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1 Corinthians 9:19-27

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 19 For though I am free from all men, yet I have made myself a servant to all, that I might gain the more.

 20 To the Jews I became as a Jew, that I might gain the Jews; to those who are under the law, as under the law, that I might gain those who are under the law;

 21 To those who are without the law, as without the law, (being not without the law to God, but under the law to Christ), that I might gain those who are without the law.

 22 To the weak I became as weak, that I might gain the weak. I am made all things to all men, that I might by all means save some.

 23 And I do this for the gospel's sake, that I might be a partaker of the gospel's blessings with you.

 24 Do you not know that all those who run in a race, run; but only one receives the prize? So run, that you may obtain the prize.2

 25 Now everyone who competes for the prize is temperate in all things. They do it to obtain a corruptible crown; but we obtain an incorruptible crown.

 26 Therefore I do not run uncertainly; I do not fight like one who beats the air.

 27 But I keep my body under control, and bring it into subjection; for fear that by any means, when I have preached to others, I myself should be disqualified.3 [Here Paul completely discredits the false doctrine of the Baptists: "once saved always saved."]

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3 I keep my body under control, and bring it into subjection; for fear that by any means, when I have preached to others, I myself should be disqualified. Take Note! Paul, who preached the gospel with words supplied by the Spirit, who watched over these same Corinthians in the Spirit, who had mighty powers of healing, was fearful that he could be disqualified if he fell to sin in his body.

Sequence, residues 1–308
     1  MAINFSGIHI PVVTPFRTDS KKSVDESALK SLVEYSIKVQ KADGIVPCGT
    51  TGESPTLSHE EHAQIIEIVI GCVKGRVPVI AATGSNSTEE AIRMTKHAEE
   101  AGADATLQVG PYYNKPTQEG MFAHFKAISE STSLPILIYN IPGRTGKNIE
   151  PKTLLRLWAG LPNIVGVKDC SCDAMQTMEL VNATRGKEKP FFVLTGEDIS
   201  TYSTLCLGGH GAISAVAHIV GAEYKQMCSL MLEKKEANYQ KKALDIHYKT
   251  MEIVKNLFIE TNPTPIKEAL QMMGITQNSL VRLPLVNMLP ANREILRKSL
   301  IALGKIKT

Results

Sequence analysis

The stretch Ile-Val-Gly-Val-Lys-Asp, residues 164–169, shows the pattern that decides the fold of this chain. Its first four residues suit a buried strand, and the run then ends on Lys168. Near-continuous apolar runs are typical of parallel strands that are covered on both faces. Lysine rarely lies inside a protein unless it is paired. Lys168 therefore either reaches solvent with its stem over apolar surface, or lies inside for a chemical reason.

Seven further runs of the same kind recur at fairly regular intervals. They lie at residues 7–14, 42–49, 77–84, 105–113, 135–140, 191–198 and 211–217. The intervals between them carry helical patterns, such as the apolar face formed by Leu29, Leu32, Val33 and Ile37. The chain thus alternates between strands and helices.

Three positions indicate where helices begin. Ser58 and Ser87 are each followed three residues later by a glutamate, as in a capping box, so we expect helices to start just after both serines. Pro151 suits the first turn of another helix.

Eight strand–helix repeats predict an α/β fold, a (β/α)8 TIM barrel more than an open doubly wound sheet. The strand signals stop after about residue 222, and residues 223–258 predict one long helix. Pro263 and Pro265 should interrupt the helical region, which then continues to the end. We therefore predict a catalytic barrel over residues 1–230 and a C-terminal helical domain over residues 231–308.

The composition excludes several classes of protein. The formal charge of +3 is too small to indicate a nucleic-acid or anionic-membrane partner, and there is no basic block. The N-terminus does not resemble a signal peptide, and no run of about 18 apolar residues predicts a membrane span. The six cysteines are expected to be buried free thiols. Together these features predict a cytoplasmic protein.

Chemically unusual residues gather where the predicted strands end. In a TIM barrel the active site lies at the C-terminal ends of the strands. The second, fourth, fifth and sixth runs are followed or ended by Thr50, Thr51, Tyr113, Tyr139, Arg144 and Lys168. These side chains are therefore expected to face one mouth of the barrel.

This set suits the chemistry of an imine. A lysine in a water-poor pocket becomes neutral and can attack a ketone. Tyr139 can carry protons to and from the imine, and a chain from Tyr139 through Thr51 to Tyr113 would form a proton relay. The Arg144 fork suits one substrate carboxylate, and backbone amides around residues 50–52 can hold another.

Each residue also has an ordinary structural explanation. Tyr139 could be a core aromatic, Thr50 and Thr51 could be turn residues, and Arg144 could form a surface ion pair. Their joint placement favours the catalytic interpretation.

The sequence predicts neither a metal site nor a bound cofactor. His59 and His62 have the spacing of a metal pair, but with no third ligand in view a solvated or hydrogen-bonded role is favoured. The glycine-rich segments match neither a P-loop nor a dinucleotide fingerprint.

There are two steps in perfection through the grace of Christ: 1st) to be raised up to the perfection of Adam and Eve in paradise, but still capable of falling to temptation, and 2nd) to be raised up to union with Christ Jesus, an everlasting perfection, which is incapable of falling to sin or temptation. Stephen Crisp, another eminent early Quaker, writes further of this two-step perfection:

For you know while the vessel is filled with wrath, envy, or with unrighteousness of any kind, such are not yet fit for the glory of God to shine forth in. When that is removed out by judgment; and Zion is set free from oppression, then the creature returns to God a pure vessel in the righteousness that was before the fall. So a man or woman may come to Adam's state that he was in before he fell, which was without sin. Against such the judgment of God does not go forth, but they have peace with God, and fellowship in what is pure, before sin and transgression were. Those who come to this state, may be entangled again; as was Eve, and if they do not watch, they may be entangled again; but if such are faithful to the power that redeemed them from the sin, and in the power resist the temptation, then such receive the seal of eternal life in Christ Jesus, who never fell, though he was tempted, and so come to an establishment in him who never changes.

When Paul wrote this letter to the Corinthians, he evidently had not yet reached the 2nd state of perfection, protected from sin, as he later described: I have been crucified with Christ. It is no longer I who live, but Christ who lives in me. And the life, which I now live in the flesh, I live by faith in the Son of God, who loved me and gave himself for me. Gal 2:20.